The Take: New Technology Could All But Prevent Counterfeit Drugs from Reaching Consumers


What’s News

Counterfeit versions of biopharmaceutical company Gilead Sciences’ HIV medicines ended up on pharmacy shelves and in patients’ hands, according to court documents recently released.

Gilead pointed to a network of small drug suppliers and distributors that tampered with packaging and falsified the medications’ pedigree — the documentation that comes with drugs and is meant to authenticate them. The network ultimately sold 85,247 counterfeit bottles of branded medications worth more than $250 million.

SAP’s Take

In the U.S., once a drug is sold to a wholesaler, the pharmaceutical maker does not know where it goes. European regulations led to the creation of a system to store and share such information, but the U.S. Drug Supply Chain Security Act of 2013 doesn’t require the pharmaceutical industry to implement one until 2023.

“In Europe, they’re set up today where pharmacies could do a verification,” said Kevin Brophy, SAP life sciences industry advisor at SAP. “You can’t do verification here.”

What the U.S. does have right now, Brophy says, is a “track and trace” system for drug returns. By borrowing some tactics and technology from that approach, the pharmaceutical industry could create a system could prevent counterfeits from entering the system in the first place, Brophy said.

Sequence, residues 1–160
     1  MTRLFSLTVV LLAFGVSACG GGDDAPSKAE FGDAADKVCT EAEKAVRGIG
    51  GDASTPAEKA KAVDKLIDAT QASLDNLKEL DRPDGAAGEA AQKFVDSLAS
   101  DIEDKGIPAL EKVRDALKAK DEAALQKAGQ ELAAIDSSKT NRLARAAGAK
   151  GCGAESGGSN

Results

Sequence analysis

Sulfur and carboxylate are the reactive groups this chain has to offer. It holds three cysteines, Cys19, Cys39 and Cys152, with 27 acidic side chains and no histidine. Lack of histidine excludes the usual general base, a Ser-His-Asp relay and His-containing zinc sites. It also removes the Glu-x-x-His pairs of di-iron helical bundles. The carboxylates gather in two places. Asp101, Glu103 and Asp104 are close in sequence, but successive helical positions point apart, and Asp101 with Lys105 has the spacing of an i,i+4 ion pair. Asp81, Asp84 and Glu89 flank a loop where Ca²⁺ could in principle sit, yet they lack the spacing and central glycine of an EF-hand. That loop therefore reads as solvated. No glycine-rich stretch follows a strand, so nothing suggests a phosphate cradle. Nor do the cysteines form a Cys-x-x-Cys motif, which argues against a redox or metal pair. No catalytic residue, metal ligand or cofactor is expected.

In fact, it’s likely that by next year, the pedigree documentation system will be improved. “Technology has a big play here to help with the holes we just saw in the system, and information holes will be improved,” Brophy said.

On deck is the use of an information collaboration hub, where crucial information can be accessed to trace drug shipments. Beyond that, technology is being developed that would create a passive system, which would not require a suspicious pharmacist to act to verify the product authenticity. Instead, that data would be standard with other product-specific information

Further innovation could come with the use of blockchain technology, which today is used to track and trace drug returns. Among other things, blockchain allows all parties to enter and see exactly where a product is at any given time in the returns process.  That can be used to enhance a tracking system for sales.

“You can embed things into a blockchain to provide 100% verification on a scan of something,” Brophy said.

Joellen Perry, Head of Global Public Relations, SAP
+1 (626) 265-0370, joellen.perry@sap.com, PST